Jiang Wen is less popular with the Chinese authorities.

He is evidently happy to be back on the silver screen after being effectively banned from appearing in Chinese movies for a couple of years after an antiwar movie he directed raised the authorities' ire in its portrayal of Japan's wartime occupation of China.

''Devils on the Doorstep'' won Jiang the Grand Prix at the 2000 Cannes Film Festival, but today it still cannot be shown in China -- with the exception of pirated DVDs -- ostensibly because Jiang did not gain Chinese film censors' approval to enter the movie at Cannes.

It is also likely that censors did not like Jiang's comic, brutal and ambiguous picture of peasants who have to decide whether or not they should execute a captured Japanese soldier and his Chinese interpreter, along with the unfortunate repercussions that follow their decision.

Devils on the Doorstep crossed many boundaries of official comfort, and veered from the usual Chinese film portrayals of those dark days of China's modern history as cruel Japanese soldiers being beaten back by the brave solidarity of Chinese communist soldiers.

While Jiang is careful to avoid criticizing Zhang's film Hero, Lu Chuan, the 32-year-old director of Missing Gun, is less generous.

''It seems Zhang Yimou wants to give us a lesson on how to make a movie, but the disappointing result is just a shallow pastiche of colorful scenes,'' said Lu.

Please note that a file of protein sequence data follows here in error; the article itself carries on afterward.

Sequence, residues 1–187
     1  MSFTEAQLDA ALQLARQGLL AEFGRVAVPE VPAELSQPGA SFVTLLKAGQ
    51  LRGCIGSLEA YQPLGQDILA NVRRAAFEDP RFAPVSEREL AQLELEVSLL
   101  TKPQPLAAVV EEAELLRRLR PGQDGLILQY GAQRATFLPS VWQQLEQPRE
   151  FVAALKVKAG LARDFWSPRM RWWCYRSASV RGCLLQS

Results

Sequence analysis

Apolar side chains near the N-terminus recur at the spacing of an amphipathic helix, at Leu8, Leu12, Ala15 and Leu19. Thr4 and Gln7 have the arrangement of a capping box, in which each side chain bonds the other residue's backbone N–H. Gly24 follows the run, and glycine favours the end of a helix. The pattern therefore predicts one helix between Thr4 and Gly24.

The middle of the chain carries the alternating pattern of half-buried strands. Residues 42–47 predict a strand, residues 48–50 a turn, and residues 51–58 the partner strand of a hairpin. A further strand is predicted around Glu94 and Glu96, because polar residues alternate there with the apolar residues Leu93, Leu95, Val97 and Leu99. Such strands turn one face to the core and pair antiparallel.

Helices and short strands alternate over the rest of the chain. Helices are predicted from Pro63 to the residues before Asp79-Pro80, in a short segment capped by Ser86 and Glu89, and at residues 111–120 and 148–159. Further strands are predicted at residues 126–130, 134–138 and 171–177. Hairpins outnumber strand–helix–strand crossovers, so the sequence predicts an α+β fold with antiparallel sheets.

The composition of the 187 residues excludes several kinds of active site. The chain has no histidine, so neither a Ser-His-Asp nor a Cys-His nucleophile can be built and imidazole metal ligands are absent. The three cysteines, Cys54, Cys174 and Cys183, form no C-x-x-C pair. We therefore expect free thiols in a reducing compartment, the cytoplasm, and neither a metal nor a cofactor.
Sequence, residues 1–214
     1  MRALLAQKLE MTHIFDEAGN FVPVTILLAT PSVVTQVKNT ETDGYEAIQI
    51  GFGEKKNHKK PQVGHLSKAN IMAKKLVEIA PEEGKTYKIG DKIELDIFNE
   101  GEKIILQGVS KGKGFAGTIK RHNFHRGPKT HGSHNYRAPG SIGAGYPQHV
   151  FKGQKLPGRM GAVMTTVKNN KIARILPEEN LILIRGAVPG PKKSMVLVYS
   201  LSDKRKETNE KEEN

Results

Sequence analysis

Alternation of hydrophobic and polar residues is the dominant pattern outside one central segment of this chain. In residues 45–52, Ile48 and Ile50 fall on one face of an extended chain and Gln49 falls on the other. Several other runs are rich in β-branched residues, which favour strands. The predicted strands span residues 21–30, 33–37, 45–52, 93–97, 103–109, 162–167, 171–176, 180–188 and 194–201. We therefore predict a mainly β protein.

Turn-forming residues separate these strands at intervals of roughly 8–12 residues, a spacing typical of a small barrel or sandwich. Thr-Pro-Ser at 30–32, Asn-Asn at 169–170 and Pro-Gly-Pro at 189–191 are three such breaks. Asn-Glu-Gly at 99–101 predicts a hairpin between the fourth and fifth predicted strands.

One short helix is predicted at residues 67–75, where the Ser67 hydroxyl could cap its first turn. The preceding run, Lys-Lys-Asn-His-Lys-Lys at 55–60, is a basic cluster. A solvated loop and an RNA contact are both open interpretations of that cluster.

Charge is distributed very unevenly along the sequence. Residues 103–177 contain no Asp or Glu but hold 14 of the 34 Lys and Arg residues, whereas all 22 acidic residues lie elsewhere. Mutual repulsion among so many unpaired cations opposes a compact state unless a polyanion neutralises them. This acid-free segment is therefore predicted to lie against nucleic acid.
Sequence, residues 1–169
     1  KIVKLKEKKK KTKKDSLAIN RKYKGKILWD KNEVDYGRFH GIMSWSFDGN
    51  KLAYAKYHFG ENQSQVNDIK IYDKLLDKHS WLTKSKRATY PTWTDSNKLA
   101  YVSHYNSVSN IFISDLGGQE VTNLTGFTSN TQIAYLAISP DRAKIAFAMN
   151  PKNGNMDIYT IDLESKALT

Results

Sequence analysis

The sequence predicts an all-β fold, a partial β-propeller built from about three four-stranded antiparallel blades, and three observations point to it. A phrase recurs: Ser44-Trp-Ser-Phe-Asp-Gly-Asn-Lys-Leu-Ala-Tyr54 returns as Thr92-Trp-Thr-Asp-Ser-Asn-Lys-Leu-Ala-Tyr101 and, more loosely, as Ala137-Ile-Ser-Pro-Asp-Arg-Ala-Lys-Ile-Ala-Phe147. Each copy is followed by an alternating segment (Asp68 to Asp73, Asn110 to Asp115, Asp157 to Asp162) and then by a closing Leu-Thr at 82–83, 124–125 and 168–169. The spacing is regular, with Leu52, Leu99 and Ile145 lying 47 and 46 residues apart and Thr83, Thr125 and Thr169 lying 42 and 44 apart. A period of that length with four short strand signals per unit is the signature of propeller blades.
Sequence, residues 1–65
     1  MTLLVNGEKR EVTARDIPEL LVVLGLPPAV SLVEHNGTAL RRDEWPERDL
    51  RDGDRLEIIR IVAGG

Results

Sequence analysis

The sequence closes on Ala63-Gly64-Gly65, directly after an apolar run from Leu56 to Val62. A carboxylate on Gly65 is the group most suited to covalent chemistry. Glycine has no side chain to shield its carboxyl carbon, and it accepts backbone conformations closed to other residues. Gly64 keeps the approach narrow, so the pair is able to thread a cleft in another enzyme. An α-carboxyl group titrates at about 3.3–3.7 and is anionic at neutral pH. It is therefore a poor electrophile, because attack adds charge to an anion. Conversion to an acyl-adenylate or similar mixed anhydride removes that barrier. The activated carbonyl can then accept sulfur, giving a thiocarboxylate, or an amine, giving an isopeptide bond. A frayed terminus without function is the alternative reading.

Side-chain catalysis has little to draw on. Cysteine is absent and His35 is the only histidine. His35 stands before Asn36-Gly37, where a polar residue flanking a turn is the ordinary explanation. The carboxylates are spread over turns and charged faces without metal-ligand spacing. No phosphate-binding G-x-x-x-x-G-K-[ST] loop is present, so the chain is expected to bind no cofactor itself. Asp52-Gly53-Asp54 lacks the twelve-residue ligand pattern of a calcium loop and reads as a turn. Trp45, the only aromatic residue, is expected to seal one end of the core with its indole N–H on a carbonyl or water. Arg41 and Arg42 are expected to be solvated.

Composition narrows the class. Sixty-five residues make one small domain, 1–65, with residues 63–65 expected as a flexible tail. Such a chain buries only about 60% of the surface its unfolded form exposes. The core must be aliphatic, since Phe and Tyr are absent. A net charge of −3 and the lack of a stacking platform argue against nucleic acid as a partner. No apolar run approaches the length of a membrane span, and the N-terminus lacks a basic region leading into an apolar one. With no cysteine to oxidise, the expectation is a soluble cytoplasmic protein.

''Although Missing Gun has done well at the box office, I am also disappointed with it. In retrospect, the second part of the movie seems to lose the vitality it starts with,'' he added, mixing modesty with his lack of circumspection towards Zhang's effort.

Missing Gun is Lu's first commercial film and took only 39 days to film.

The aim of the movie is not to glorify heroes but to portray ordinary life in China and to depict the troubled policeman's ''walk through darkness,'' said Lu, who worked as an interpreter for the Chinese People's Liberation Army before turning to movie making.

''The policeman is strong and he is a good family man, but like many Chinese men he is under a lot of pressure. It is not easy for men living in China today. They face a lot of pressure from their responsibilities to society and to their families,'' he said.

Lu said he also had to spend a long time ''walking through darkness'' in bringing his idea to the screen.

Lu worked on the script for Missing Gun for two years after graduating from the prestigious Beijing Film Academy in 1998. Despite numerous attempts to find a financial backer, he was unsuccessful until he met Jiang Wen.

''I really have to thank Jiang Wen. He was the one who finally helped me to fund the film,'' he said.

Lu has already begun filming his next feature film, set in China's remote far western Gansu Province, bordering Tibet.

It is about heroes -- not the spectacular exploits of fictional kung fu fighters -- but the true story of the unpaid efforts of Tibetan minority people, sometimes involving the sacrifice of their lives, to stop illegal hunters from poaching in their ancestral home.
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Publication:Asian Economic News
Geographic Code:9CHIN
Date:Mar 10, 2003
Words:1043